Place the arc and the brake on a flat surface, adjust and then mark the points of the cuts.
Make a groove at the down side of the ends of arc so to suit to top corner of angle iron firmly. Do tack welds, place the members and adjust the verticality, tack welds.
Check if everything is ok.
If yes, proceed to welding.
If no, readjust.
Step 4: Thickness Adjuster
For the thickness adjuster we will need
2pcs bolts M10x60mm full threaded
4pcs regular nuts M10
2pcs long nuts (30mm) M10
2pcs angle iron 30x30x3mm
2pcs stainless steel rod ø3x16mm (or in turn ø3 nails)
At the bushing base, there is already a hole that used to tightening the brake
It is fixed, with a standard distance from the bending line, limiting the possibilities of the tool.
But our needs vary, according to thickness of the materials, and the brake must be able to move in/out.
To correcting this problem, a hole at obround shape 12x24mm is required.
Find the center of the existing hole at the bushing base, and do a center punch mark, at 12mm distance to back.
Start drilling, with the use of an ø4mm drill bit, then with ø10mm, and after then with ø12mm.
Using a round, a flat and a square file, accomplish the treatment of obround shape.
Screw two nuts at M10x60mm full threaded bolts and secure it in a stable place using a vice grip, at the middle nut. Do a center punch mark about 5mm from the free edge of bolt (or at the third female thread).
Do an ø3mm hole.
Cut two pieces 17mm from an angle iron. 30x30x3mm.
Place the first piece of angle iron at vise.
Mount [bolt - nut - long nut - nut].
Adapt to the angle iron using a vice grip (last nut/angle iron). (See attached photos)
Weld the nut at angle iron - unscrew - let it cool.
Secure it, and clean the nut threads using an ø10mm drill bit.
Grind the welds and the nut's corners, so as to be round.
Place the ø3x16mm pins into the hole at bolts.
The adjusters are almost ready.
Place the clamping bar at the zero point, secure with bolts, do the necessarily marks for drilling and cutting at the bushing bases.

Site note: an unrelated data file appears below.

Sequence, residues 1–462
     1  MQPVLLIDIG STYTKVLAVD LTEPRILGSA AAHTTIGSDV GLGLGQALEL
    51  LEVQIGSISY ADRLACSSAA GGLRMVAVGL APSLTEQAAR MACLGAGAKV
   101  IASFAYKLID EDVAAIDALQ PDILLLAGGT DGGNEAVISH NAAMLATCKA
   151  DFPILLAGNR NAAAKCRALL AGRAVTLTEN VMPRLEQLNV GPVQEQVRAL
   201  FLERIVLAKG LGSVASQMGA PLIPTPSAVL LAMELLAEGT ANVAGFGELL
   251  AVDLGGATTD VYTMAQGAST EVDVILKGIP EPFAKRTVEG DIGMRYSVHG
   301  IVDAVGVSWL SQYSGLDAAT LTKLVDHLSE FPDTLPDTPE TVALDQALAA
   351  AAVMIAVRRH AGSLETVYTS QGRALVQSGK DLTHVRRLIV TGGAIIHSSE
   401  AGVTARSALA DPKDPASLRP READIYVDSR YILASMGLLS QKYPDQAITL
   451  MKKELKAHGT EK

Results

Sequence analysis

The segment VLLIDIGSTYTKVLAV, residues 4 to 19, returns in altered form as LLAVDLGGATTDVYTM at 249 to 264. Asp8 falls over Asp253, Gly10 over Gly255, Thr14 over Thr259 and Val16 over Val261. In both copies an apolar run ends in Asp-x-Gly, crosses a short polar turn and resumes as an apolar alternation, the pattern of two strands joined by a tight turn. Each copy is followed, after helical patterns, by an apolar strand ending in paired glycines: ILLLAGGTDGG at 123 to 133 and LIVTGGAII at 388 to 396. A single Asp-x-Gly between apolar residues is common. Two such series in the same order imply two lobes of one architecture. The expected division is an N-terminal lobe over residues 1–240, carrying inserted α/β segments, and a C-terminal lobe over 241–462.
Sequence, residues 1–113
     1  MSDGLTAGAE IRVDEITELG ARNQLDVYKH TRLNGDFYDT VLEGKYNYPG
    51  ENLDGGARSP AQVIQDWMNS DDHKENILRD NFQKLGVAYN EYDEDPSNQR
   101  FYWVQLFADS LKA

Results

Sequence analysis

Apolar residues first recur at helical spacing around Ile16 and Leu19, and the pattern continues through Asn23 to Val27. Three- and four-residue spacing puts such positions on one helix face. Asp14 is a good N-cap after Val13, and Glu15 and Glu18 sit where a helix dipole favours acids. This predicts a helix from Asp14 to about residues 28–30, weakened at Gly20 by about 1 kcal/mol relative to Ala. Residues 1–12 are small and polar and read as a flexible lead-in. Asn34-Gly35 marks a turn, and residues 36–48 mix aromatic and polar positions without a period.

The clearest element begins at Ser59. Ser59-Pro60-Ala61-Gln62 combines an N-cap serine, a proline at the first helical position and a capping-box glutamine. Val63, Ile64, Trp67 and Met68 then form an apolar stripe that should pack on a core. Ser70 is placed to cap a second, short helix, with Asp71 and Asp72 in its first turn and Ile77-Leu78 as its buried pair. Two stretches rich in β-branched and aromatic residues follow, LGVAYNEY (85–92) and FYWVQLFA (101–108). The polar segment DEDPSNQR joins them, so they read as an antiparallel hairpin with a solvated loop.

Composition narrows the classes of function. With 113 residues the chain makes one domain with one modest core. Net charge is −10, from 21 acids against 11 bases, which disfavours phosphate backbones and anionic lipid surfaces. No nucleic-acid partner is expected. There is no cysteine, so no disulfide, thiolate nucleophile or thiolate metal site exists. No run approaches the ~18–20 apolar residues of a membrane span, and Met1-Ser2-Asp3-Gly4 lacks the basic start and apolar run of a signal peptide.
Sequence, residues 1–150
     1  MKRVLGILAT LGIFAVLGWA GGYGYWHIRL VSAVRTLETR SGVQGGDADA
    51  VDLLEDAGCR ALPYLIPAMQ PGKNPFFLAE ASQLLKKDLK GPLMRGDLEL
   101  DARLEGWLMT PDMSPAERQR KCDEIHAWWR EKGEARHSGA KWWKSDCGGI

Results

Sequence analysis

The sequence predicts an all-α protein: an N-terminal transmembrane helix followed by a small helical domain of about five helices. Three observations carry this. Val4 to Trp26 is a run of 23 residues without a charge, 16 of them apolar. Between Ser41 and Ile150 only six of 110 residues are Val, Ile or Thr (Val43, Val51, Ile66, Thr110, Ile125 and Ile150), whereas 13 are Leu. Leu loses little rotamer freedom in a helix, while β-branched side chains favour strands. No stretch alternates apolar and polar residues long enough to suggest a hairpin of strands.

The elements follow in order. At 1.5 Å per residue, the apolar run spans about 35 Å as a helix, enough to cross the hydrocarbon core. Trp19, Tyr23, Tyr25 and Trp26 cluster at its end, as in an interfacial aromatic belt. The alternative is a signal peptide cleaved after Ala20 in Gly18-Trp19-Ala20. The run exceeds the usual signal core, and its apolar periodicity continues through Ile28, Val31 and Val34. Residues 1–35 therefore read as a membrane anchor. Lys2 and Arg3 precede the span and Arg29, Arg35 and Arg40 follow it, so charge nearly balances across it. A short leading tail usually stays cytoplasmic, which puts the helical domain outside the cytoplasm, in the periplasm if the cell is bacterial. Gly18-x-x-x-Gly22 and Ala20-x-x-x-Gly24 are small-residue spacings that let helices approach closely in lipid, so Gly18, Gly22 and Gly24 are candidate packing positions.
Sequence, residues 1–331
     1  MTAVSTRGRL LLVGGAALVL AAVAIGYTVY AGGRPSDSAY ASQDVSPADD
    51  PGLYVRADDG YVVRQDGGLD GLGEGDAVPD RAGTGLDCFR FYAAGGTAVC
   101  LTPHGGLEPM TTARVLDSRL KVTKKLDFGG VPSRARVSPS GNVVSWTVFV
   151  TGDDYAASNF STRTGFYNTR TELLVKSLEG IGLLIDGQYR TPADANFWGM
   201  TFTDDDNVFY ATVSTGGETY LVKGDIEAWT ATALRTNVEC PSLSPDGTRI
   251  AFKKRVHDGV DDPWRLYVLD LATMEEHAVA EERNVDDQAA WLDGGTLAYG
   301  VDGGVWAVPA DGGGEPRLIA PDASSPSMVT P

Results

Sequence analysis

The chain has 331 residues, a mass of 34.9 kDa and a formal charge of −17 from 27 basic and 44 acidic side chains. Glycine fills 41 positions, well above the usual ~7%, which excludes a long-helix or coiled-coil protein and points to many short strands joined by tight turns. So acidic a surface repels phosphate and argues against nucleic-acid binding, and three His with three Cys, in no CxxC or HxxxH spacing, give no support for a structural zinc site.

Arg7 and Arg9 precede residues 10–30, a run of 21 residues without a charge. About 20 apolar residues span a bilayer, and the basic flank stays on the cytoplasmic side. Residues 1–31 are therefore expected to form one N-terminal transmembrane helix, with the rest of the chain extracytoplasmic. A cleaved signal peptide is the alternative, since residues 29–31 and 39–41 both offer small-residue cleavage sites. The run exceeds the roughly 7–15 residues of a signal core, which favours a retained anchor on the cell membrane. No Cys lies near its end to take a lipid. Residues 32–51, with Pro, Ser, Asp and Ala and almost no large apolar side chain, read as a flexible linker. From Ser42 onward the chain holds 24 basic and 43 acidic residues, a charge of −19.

For all measures/dimensions see the attached photos.
Remove the clamping bar.
Drill the holes.
Make the cuts for the needed gaps.
Square the round corners of the gap using the square file.
Refine the gap so to be 17mm.
Place the adjusters into the gaps.
The center of long nuts must be a little higher (about 2mm) of the level (bushing bases/bed/bender).
If the width of gap is 17mm then the center of the adjuster is 2mm higher of the above level.
Adjust and then weld.
Thickness Adjusters are ready made.
Step 5: Quick Lock and Release Stud Bolts
For the quick lock and release we will need
2pcs M12 Long Nuts (36mm)
2pcs M12 Washers
2pcs M12 Bolts x60mm
2pcs Stainless Steel Round Bar ø6mmx90mm
Do a center punch mark, at one of six sides of the nut, at 8mm distance from the edge.
Drill an ø6mm hole, and pass through the Stainless Steel rod.
Hammer the corner of both edges of the rod to downwards, so to can't pass from the hole.
Place the M12 Bolts x60mm at bushing base, from the down side. Weld a
piece of steel at bushing base, parallel to the side of bolt's head, so the bolt to can move in/out but cannot be rotated.
Stud bolts - Box Bends
2pcs M12x220mm Stud Bolt
6pcs M12 Nuts
4pcs M12 Washers
This type of sheet metal brakes are usually for straight bends.
But we can use some cheats and bend boxes.
If your basic needs are for box bends, isn't the suitable tool. You need a Box-and-pan brake.
You can see how to bend box with this brake at this video
Testing the brake
All jobs completed
Lets do a small test
Material: galvanized shett metal at thikness 0.90
Bend: at 5mm from the edge
You can view the video of the test here
Also you can see this brake converted to bench vise mount in action here
Thanks for your reading.
Good Luck if you try it.
Never say I can't do it.
Necessity is the mother of invention.